I straight line backed perfectly. Was docked 2 points on offset (the maneuver I failed on my first test). Ran into some trouble before starting my third and final maneuver (parallel). I got into the truck and closed the door. Tried to put on my safety belt only to realize that it got jammed in the door. Tried to open the door only to realize that it didn't have a handle like the other trucks did on the side of it, and I had no idea how to even open the door to it. So I struggled with it for about a minute before giving up. I just sat there like a lemon for about four minutes before the DOT tester did a welfare check on me to find out why I wasn't moving. I explained the situation. He came over, opened the door, rescued me from my self inflicted dilemma, and was even kind enough to show me how the door on that particular truck opened from the inside. (I believe I mentioned earlier that the students broke the regular trucks, and we were given replacements that I had yet to ride in.) So he started my test, I GOALed twice, (I have a depth perception problem), and managed to pass the maneuver having crossed the boundary line only once, again a 2 point mistake. 12 points on the pad is enough to fail you, and I got 4. So I passed and moved on to the road test.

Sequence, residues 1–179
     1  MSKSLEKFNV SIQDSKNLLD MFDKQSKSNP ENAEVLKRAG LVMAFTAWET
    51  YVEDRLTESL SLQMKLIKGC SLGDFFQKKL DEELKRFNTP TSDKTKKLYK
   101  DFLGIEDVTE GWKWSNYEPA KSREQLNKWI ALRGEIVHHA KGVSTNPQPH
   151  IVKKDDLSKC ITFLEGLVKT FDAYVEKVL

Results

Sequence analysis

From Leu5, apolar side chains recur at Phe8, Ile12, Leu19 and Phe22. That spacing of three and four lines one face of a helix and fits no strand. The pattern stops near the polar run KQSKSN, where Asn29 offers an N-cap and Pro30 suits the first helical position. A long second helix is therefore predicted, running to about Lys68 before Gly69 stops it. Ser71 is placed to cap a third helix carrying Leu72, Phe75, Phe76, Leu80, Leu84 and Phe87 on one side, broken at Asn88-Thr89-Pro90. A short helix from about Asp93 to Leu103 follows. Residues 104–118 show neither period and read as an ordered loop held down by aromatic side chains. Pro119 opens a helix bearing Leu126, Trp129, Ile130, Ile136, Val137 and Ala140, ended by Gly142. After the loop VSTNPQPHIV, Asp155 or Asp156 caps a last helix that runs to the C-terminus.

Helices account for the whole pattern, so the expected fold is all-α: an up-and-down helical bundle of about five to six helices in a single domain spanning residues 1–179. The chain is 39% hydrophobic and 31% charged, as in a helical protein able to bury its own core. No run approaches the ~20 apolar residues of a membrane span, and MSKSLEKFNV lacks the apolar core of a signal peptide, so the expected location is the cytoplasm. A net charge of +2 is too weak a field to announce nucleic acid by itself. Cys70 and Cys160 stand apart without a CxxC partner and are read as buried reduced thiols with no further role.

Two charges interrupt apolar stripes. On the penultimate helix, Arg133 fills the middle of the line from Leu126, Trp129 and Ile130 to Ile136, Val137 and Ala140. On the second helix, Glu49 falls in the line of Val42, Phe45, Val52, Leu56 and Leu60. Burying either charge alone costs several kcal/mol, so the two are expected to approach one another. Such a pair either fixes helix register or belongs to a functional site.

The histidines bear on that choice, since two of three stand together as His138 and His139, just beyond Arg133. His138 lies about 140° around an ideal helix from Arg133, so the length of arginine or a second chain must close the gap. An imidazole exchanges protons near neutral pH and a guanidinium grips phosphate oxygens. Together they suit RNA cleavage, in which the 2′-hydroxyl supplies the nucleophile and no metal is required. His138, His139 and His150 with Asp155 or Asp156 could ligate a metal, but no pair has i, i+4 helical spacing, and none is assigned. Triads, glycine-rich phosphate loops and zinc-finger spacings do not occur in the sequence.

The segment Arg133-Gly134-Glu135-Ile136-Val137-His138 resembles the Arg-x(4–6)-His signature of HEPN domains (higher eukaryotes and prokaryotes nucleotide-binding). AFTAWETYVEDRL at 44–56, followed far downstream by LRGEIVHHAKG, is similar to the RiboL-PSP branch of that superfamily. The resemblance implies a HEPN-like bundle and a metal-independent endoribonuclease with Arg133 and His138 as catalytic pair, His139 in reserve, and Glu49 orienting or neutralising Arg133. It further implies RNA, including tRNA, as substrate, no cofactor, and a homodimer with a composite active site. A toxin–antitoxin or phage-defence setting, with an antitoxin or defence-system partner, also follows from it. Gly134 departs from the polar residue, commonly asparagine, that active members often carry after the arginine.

I got several points scattered throughout the test in various areas, but no real issues. Drove out on the highway, demonstrated a HAZMAT railroad stop and an emergency stop. Did several other maneuvers including lane changing, a blind left turn, several regular left and right turns, pointed out speed limit signs and weight limit signs, and hazards I spotted along the way. I need to improve on my traffic checks and gear grinding, but I passed the test and graduated today.

HAZMAT:

Hazardous Materials

Explosive, flammable, poisonous or otherwise potentially dangerous cargo. Large amounts of especially hazardous cargo are required to be placarded under HAZMAT regulations

DOT:

Department Of Transportation

A department of the federal executive branch responsible for the national highways and for railroad and airline safety. It also manages Amtrak, the national railroad system, and the Coast Guard.

State and Federal DOT Officers are responsible for commercial vehicle enforcement. "The truck police" you could call them.

Dm:

Dispatcher, Fleet Manager, Driver Manager